Look, I'll even show ya:
* Returns a sorted list of bookmark objects. Each object
* has properties name, url, and (optional) kw.
* @return bookmark list: an array of anonymous objects, each
* with "name", "url" and "kw" fields. Sorts the list by name
* if sort is true.

function getBookmarkList(doSort) {
var rdf = Components.classes[";1"].

var bmks = rdf.GetDataSource("rdf:bookmarks");
var NC_NS = "";
var kwArc = rdf.GetResource(NC_NS + "ShortcutURL");
var urlArc = rdf.GetResource(NC_NS + "URL");
var nameArc = rdf.GetResource(NC_NS + "Name");
var rdfLiteral = Components.interfaces.nsIRDFLiteral;
var e = bmks.GetAllResources();
var items = [];

while(e.hasMoreElements()) {
var r = e.getNext().QueryInterface(
var urlR = bmks.GetTarget(r, urlArc, true);
var kwR = bmks.GetTarget(r, kwArc, true);
var nameR = bmks.GetTarget(r, nameArc, true);
if (!(nameR && urlR)) {
var item = {}; = nameR.QueryInterface(rdfLiteral).Value;
item.url = urlR.QueryInterface(rdfLiteral).Value;
if (kwR) { = kwR.QueryInterface(rdfLiteral).Value;

if (doSort) {
items.sort(function(a, b) {
return ( < ? -1 : 1;
return items;

Shouldn't there be a "getBookmarks()" in there somewhere? I mean, what is all that crap?

Admittedly this function does a little extra, what with the sorting, but that's only 5 lines of code, because JavaScript came with verbs included, thank you so much Brendan. And those 5 lines are actually fairly sane; I mean, you can read them and say "hey, that's sorting!" But as the rest of the code, what we seem to have is a serious failure to separate infrastructure from business logic. We're trying to take the patient's temperature here, and they're making us saw the poor guy open and grub around in his intestines looking for the right spot to stick the thermometer. So to speak.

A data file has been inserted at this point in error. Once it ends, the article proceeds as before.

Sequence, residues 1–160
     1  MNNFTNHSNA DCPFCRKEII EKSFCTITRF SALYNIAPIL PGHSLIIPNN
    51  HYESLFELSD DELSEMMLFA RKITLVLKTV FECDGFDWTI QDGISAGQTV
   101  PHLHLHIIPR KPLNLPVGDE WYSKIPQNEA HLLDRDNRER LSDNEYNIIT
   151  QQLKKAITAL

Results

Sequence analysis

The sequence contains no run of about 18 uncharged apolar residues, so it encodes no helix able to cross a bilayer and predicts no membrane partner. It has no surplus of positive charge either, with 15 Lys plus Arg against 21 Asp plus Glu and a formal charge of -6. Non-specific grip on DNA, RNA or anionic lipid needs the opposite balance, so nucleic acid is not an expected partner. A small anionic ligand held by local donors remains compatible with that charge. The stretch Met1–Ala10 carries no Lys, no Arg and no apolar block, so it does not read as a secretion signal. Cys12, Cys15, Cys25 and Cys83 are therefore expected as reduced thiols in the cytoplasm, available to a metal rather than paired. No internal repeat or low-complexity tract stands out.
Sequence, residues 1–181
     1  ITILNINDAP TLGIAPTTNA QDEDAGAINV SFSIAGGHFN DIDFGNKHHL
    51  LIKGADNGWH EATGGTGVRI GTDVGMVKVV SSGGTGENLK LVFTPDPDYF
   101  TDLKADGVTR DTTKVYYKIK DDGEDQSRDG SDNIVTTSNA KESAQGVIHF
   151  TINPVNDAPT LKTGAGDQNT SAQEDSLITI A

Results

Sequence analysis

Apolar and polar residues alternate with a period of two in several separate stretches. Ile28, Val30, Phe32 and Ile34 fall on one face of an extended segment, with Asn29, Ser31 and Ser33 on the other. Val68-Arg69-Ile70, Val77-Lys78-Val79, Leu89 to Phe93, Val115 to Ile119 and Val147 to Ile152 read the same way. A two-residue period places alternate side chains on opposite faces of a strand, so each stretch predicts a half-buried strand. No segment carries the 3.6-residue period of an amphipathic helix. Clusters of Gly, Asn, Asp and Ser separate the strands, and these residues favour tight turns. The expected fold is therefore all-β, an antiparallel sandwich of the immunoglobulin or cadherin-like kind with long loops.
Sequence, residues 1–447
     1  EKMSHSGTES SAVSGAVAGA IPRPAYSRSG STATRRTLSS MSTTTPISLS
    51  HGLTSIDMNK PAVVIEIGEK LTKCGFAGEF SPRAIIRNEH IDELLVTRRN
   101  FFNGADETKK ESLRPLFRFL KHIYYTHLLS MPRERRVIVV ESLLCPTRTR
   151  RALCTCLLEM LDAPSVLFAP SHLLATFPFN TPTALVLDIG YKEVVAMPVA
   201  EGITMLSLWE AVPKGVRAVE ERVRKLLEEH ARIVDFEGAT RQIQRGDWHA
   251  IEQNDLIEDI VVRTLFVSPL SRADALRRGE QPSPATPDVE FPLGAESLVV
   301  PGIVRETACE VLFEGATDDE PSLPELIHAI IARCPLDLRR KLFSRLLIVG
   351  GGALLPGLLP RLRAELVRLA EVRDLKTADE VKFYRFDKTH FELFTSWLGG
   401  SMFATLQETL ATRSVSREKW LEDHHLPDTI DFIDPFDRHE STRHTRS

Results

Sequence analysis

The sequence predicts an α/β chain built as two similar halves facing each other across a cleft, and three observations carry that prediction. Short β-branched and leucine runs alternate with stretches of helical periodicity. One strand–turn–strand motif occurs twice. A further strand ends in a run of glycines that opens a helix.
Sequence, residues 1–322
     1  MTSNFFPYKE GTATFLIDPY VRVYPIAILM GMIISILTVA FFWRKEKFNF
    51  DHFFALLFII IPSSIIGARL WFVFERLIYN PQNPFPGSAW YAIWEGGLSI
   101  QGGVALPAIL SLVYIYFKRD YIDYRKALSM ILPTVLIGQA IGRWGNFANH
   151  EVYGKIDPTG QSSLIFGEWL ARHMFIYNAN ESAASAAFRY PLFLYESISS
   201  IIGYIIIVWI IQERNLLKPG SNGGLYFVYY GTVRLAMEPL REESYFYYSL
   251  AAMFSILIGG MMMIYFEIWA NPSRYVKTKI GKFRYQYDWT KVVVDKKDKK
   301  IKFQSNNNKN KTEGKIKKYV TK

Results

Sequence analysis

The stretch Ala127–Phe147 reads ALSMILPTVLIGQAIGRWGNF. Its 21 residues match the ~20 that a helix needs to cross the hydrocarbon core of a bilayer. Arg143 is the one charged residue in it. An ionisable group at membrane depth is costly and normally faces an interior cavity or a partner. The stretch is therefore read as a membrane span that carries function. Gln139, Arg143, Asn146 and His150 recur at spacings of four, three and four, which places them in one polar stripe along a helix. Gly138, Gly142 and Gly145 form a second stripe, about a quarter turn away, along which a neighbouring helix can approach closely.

In any case, that's not really JavaScript's fault; it's Firefox's fault. I have trouble keeping them separate in my head sometimes, because I, unlike the rest of the Free World, have the balls not to support Internet Explorer. For my personal stuff, anyway. (Or so I believe at the moment. Time will tell.)

That's what's really holding JavaScript back, you know. And it's holding back CSS, and DOM, and all the other standards. We have this little impasse problem. You know the song and dance: Microsoft didn't want Netscape to be a competing platform, so they built IE and gave it away for free, and for a brief while they even had a better product, so they captured enough market share.

And then... nothing. Oh, sure, they've made a few half-assed attempts to make IE standards-compliant, sort of, but only after making many full-assed attempts to distort those standards to give Microsoft competitive advantages. I've heard that directly from folks working on the relevant teams over there. Microsoft cheerfully shows up at the standards meetings to make damn sure they screw up the APIs for everyone else. You know. Microsoft-style. Sorta like how DirectX was bugly compared to OpenGL. Or Win32 compared to *nix. Or MFC compared to any sane object system (e.g. TurboPascal and TurboC). Or COM compared to CORBA. (I mean, you have to work hard to be worse than CORBA.) Microsoft has always been awful at making APIs, always always always, and I've decided over the years to credit this to malice rather than incompetence. Microsoft isn't incompetent, whatever else they might be. Burdened, yes; incompetent, no.

Why am I talking about them side-by-side with JavaScript? Because the standoff between Microsoft and the Forces of Neutrality (open standards and the like) is the main thing that's holding JavaScript back. Nobody wants to build an amazingly cool website that only works in FireFox/Opera/(insert your favorite reasonably standards-compliant browser here). Because they're focused on the short term, not the long term. It would only take one or two really killer apps for Mozilla to take back the market share from Microsoft. That, or a whole army of pretty good ones. People don't like downloading new stuff (in general), and they also don't like switching browsers. But they'll do it if they know they have to in order to use their favorite app.

Everyone knows all this; not a jot of it is news to anyone, but nobody wants to be the one to make a clean break from IE. It might bankrupt them. Great app, nobody sees it, company goes bust. So the killer apps will have to come from the fringe, the margin, the anarchy projects engineers do on the side — at least at companies where engineers have a little free time for innovation. Excepting only go-for-broke startups, most places can't (or won't) bet the farm on a Firefox-only application. So even though the spec is moving forward, or maybe sideways, DHTML in the real world has been in near-stasis for years.